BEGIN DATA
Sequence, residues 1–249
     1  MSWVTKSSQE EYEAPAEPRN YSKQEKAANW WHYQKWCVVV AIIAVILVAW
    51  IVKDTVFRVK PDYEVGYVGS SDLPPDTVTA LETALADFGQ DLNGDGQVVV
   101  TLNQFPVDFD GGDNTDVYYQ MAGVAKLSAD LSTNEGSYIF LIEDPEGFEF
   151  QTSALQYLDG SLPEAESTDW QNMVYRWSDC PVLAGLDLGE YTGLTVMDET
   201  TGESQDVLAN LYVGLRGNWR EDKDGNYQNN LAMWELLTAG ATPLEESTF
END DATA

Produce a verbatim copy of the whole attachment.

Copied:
Sequence, residues 1–249
     1  MSWVTKSSQE EYEAPAEPRN YSKQEKAANW WHYQKWCVVV AIIAVILVAW
    51  IVKDTVFRVK PDYEVGYVGS SDLPPDTVTA LETALADFGQ DLNGDGQVVV
   101  TLNQFPVDFD GGDNTDVYYQ MAGVAKLSAD LSTNEGSYIF LIEDPEGFEF
   151  QTSALQYLDG SLPEAESTDW QNMVYRWSDC PVLAGLDLGE YTGLTVMDET
   201  TGESQDVLAN LYVGLRGNWR EDKDGNYQNN LAMWELLTAG ATPLEESTF